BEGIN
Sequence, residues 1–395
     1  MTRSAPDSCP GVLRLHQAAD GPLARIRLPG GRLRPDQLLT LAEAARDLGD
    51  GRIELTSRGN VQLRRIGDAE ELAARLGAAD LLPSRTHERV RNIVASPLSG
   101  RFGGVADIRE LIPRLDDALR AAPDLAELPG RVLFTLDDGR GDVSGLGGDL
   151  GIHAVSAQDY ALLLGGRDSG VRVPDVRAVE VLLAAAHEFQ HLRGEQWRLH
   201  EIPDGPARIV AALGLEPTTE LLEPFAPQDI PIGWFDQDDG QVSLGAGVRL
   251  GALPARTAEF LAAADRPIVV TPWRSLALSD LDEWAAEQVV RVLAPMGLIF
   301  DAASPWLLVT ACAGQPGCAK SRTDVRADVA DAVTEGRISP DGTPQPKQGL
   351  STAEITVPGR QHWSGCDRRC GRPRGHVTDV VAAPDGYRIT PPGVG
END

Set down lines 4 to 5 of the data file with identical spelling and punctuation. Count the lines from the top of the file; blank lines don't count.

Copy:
   101  RFGGVADIRE LIPRLDDALR AAPDLAELPG RVLFTLDDGR GDVSGLGGDL
   151  GIHAVSAQDY ALLLGGRDSG VRVPDVRAVE VLLAAAHEFQ HLRGEQWRLH